There are many ways to sculpt a muscular body. Following the Bronze Age, sculptors made human forms from marble. One of the most famous, Michelangelo, is credited with saying, “The sculpture is already complete within the marble block, before I start my work. It is already there; I just have to chisel away the superfluous material.”
This is not always the literal case in humans, although some former athletes still have strong abs under middle-age fat. However, the template for building muscle is in each body just waiting for the right nutrition and exercise to free it from its imprisonment, a la Michelangelo.
Liberating the muscle from “stone” requires energy to move muscle fibers, and amino acids to repair and build muscle stressed by exercise. Considering this foundation, dietary protein is the primary nutritional tool to supply the necessary amino acids to muscle, while creatine has emerged as a leading energy ingredient that can be stored or loaded in the muscle.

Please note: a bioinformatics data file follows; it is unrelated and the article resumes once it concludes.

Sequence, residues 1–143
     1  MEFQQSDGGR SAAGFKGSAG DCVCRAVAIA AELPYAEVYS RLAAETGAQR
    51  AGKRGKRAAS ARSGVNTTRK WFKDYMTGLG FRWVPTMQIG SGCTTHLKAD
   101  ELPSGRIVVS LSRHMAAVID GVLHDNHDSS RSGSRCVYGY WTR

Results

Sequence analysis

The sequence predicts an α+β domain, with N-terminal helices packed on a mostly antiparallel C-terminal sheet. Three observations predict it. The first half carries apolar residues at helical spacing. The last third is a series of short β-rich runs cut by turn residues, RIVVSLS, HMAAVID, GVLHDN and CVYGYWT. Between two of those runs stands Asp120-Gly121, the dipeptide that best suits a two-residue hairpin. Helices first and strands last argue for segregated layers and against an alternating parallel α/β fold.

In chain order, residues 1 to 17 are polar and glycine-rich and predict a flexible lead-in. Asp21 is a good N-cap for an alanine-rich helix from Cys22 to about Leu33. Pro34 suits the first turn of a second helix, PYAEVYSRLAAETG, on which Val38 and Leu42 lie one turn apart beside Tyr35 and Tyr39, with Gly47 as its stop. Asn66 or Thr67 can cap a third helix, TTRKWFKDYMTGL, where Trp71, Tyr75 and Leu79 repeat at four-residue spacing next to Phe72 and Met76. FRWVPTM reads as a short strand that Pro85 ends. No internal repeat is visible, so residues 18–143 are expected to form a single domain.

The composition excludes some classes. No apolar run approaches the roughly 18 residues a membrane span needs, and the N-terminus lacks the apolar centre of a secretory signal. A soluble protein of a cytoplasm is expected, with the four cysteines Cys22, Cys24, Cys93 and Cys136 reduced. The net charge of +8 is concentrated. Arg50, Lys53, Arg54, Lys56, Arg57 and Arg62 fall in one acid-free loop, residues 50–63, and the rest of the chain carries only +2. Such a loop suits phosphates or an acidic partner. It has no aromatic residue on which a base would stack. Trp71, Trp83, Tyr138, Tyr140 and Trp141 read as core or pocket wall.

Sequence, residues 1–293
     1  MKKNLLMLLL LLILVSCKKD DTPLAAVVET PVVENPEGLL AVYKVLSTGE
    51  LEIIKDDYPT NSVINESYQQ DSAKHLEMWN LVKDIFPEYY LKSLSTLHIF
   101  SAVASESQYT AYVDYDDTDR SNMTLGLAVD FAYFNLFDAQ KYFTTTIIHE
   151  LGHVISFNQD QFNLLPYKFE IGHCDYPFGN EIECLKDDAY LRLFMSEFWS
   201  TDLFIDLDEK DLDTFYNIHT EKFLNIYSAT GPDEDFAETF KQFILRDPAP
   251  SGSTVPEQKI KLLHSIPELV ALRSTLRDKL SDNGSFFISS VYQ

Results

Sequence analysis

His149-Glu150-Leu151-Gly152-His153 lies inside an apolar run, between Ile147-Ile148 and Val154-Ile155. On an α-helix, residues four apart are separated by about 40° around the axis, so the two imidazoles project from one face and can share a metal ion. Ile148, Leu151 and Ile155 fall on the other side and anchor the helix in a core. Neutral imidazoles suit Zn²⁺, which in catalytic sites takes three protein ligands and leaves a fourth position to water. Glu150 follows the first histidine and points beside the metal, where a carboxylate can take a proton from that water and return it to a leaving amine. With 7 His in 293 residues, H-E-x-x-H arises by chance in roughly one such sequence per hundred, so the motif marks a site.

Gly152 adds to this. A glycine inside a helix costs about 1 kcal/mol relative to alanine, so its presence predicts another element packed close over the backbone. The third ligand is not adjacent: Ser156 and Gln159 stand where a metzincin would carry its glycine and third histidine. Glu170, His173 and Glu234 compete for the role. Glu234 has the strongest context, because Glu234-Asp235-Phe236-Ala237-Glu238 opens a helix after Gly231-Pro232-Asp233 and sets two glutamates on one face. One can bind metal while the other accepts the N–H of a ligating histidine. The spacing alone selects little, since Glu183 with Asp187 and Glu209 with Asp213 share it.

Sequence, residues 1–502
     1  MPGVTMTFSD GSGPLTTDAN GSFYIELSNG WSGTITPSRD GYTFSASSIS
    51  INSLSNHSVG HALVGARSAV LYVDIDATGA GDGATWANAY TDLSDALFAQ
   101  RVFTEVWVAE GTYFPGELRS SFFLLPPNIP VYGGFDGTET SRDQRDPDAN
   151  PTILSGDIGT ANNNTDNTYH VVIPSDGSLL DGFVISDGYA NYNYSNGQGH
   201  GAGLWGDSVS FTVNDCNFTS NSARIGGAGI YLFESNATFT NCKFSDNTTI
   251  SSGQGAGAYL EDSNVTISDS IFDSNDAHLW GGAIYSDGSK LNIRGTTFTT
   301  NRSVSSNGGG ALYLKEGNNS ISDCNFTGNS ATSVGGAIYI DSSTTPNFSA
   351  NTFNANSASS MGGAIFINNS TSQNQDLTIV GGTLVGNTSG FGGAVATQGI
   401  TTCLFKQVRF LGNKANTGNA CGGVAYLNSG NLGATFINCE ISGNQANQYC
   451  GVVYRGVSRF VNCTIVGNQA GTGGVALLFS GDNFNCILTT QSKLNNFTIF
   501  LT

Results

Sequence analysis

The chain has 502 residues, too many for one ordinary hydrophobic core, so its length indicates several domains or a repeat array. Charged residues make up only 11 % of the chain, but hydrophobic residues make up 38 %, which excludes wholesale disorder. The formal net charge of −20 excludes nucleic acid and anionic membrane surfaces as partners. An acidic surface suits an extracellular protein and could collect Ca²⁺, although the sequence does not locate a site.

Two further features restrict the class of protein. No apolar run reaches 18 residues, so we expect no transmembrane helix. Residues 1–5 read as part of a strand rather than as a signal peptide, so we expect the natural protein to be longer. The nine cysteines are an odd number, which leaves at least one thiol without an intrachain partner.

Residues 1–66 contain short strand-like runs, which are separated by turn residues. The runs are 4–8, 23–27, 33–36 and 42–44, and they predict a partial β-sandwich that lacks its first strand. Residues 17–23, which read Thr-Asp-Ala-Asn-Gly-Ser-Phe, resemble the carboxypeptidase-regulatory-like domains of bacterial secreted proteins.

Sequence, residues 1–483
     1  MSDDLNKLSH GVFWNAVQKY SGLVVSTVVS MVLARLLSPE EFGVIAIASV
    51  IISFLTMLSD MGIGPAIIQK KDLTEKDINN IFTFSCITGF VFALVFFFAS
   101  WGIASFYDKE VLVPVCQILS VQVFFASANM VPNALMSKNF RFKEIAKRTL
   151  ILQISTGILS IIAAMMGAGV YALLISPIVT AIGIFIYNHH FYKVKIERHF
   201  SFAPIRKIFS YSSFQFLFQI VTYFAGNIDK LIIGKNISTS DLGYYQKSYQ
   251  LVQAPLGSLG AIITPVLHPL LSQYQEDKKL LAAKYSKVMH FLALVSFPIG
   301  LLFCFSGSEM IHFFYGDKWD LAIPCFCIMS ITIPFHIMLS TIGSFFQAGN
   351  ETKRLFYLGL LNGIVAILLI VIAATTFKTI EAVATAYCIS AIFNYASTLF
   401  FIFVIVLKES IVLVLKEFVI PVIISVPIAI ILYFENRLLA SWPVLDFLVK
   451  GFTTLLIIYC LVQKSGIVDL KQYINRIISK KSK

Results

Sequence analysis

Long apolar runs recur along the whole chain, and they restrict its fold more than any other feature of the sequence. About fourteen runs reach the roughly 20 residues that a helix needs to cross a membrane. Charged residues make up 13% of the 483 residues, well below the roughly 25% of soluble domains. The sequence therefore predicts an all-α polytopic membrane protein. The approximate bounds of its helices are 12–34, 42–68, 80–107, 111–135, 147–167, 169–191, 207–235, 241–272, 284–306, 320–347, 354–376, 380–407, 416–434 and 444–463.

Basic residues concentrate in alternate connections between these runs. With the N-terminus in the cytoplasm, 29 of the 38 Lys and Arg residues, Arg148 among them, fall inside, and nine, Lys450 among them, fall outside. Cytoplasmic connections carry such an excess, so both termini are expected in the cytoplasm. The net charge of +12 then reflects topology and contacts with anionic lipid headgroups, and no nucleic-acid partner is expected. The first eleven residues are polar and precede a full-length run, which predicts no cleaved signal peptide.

Dietary protein has enjoyed a surge in popularity in recent years, as consumers are more interested in body composition (fat vs. lean body mass), satiety and limiting other macronutrients such as carbohydrates.
“The demand for protein supplements from the young population is increasing mainly in athletes as they provide various benefits such as lowering cholesterol, building of muscles, increasing strength, fighting cancer, improving immunity and lowering blood pressure,” reported Allied Market Research, in a 2019 report.
The market research firm further noted protein powder products, popular with athletes and active consumers, are expected to reach a market size of US$5.33 billion by 2025, driven by increased health consciousness as well as continuing demand from athletes and bodybuilders.
In its 2019 third quarter global survey of active consumers, FMCG Gurus discovered that among the health issues consumers want to improve over the next 12 months, strength was number one, with 57% of respondents.
To read this article in its entirety, check out the January 2020 digital magazine, Muscle quest: Developing products to promote lean mass.